By: Crystal Widjaja, SVP BI & Growth, GO-JEK
Consumers have been able to express their desires better with the adoption of tech and there is no reason why businesses won’t cater to experiences that make the users’ lives better. In response to this, app and software developers are able to leverage tools that meet these expectations to present products and content that reflect a shopper’s past picks, experiences and preferences.
Artificial Intelligence backed by Machine learning capabilities and Data Analytics as services is on the rise in e-commerce in order to bring about what is termed “conversational commerce”. Whatever the platform maybe, AI implementations give shoppers a user friendly entry into their offerings. Thus the markets have also become increasingly competitive to the point that products and business models must change and adapt frequently in response to evolving market dynamics.
Why Data Analytics Matters
Whether it be an upward blimp in growth, or a downward turn, we always turn to the data when tracked KPIs change unexpectedly. Why did conversion rate suddenly go down? What city caused it? What product was most impacted? And how can I prevent this from ever happening again?
A business intelligence team at a company with a data-driven culture will cultivate, curate, and refine the data such that the business is able to drill down into the specifics of a metric and its symptoms at high granularity and dimensionality. In turn, growth signals are exploited at their fullest, and more importantly, emerging issues are triaged as quickly as data can be made available. With an extensive BI platform, we can quickly identify the root cause of declining KPIs, and ensure that we do not make the same mistake again, or put features in place to prevent it from reoccurring. As the renowned essayist and philosopher George Santayana put it, “Those who cannot remember the past are condemned to repeat it”.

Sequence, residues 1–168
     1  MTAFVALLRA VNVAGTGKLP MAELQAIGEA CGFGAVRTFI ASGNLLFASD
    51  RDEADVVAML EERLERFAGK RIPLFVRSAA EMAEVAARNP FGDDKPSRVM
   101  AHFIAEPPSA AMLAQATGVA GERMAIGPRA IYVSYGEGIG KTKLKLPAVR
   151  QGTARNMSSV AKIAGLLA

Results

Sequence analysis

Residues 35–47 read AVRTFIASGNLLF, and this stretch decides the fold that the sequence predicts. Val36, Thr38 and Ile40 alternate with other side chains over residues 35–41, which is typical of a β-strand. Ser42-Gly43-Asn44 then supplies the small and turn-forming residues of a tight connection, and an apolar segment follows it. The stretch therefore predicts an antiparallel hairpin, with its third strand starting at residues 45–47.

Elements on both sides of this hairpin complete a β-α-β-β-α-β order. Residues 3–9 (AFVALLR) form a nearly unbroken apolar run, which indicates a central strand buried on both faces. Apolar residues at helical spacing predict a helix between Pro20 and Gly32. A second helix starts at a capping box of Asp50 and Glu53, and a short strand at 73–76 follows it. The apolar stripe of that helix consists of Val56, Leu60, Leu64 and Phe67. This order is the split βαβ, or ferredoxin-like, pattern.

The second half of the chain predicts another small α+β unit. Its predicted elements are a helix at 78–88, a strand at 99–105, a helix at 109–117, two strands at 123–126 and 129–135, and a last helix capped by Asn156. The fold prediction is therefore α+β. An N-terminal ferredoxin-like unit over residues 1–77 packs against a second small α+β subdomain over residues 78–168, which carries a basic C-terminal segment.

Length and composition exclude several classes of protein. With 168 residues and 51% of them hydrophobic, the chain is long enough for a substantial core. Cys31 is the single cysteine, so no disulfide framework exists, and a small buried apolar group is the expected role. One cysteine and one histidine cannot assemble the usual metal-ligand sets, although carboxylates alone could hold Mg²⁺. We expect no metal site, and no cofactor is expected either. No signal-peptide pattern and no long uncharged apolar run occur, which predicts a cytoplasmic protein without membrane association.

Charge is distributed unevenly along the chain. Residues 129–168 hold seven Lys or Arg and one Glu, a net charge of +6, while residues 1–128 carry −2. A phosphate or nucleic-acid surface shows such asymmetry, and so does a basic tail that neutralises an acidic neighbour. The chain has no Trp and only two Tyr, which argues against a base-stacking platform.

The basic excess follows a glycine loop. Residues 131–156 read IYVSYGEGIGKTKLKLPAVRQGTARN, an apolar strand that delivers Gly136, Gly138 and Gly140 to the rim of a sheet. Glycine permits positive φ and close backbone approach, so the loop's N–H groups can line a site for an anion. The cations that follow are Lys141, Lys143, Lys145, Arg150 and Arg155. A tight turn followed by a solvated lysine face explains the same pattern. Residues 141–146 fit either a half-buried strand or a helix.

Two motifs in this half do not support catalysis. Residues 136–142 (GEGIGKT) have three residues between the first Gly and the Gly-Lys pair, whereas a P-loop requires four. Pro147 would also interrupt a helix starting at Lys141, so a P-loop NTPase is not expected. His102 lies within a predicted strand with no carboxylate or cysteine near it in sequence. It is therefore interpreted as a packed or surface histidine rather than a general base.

Machine Learning and Data Analytics is a powerful compounded tool
Machine learning teaches digital applications and computational machines to understand patterns and predict potential outcomes from large amounts of unstructured data sets and over time, the ecosystem is able to think and resolve problems with little or no human intervention. Now a significant number of CIOs believe that smart applications is a topline priority for their businesses to not just have better control of their data but also the allows for the means to make the most of them. Algorithms are now the mature enablers of decision making in real time that wasn’t in existence a year or two ago.
Having readily available data analytics forces the organization to use data to make decisions. As a business grows and scales, the amount of data grows exponentially with it – making the job of getting insights out of raw data that much more involved. Thorough analysis of KPIs and the metrics that matter mean that the business only iterates and concentrates on features, experiments, and processes that objectively lead to more growth, rather than spreading resources so thinly across unimportant initiatives. This creates “forced prioritization” – with a limited amount of resources, development is prioritized for that which has been proven to ‘move the needle’ for the key KPIs.
Unstructured Data Explosion: Is BI Critical for all segments?
I would say that to make sure that data is structured properly is a really important part of the job of a Business Intelligence unit. Having vast amounts of unstructured data is a sign that the BI team and a product development team were not coordinating early enough, and data was stored in a “just store it” manner rather than having been methodologically curated and discussed for future use. Audio, chat logs, and images, while relatively unstructured, should have some level of organizational design and cataloguing so that AI and ML can make use of it quickly with as little data preprocessing as possible.
Contrary to the popular opinion, I believe that Business Intelligence is not mission-critical for all companies – at least not the small family businesses that expect to stay small, or companies in certain fields (such as those that don’t target mass consumers and have a niche field). For everyone else, the role and vision of business intelligence should start early, start small, and be exceptionally involved in the product development from the get-go. That is, there should be a working feedback loop between BI and other parts of the company, such as finance, product owners, and marketing, and it should happen as early as possible. Because the bigger a company is, the harder it is to integrate effectively, or at all.